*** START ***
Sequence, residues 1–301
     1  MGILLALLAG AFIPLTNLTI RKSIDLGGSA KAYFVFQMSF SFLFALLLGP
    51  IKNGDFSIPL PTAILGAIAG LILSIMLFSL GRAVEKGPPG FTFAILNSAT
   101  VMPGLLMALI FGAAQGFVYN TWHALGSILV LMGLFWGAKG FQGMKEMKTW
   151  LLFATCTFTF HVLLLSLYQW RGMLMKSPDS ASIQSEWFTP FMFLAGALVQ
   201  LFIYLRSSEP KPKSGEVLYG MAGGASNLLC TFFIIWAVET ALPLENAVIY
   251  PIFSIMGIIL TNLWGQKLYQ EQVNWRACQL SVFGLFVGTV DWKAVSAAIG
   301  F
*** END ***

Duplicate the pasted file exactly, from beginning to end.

Sequence, residues 1–301
     1  MGILLALLAG AFIPLTNLTI RKSIDLGGSA KAYFVFQMSF SFLFALLLGP
    51  IKNGDFSIPL PTAILGAIAG LILSIMLFSL GRAVEKGPPG FTFAILNSAT
   101  VMPGLLMALI FGAAQGFVYN TWHALGSILV LMGLFWGAKG FQGMKEMKTW
   151  LLFATCTFTF HVLLLSLYQW RGMLMKSPDS ASIQSEWFTP FMFLAGALVQ
   201  LFIYLRSSEP KPKSGEVLYG MAGGASNLLC TFFIIWAVET ALPLENAVIY
   251  PIFSIMGIIL TNLWGQKLYQ EQVNWRACQL SVFGLFVGTV DWKAVSAAIG
   301  F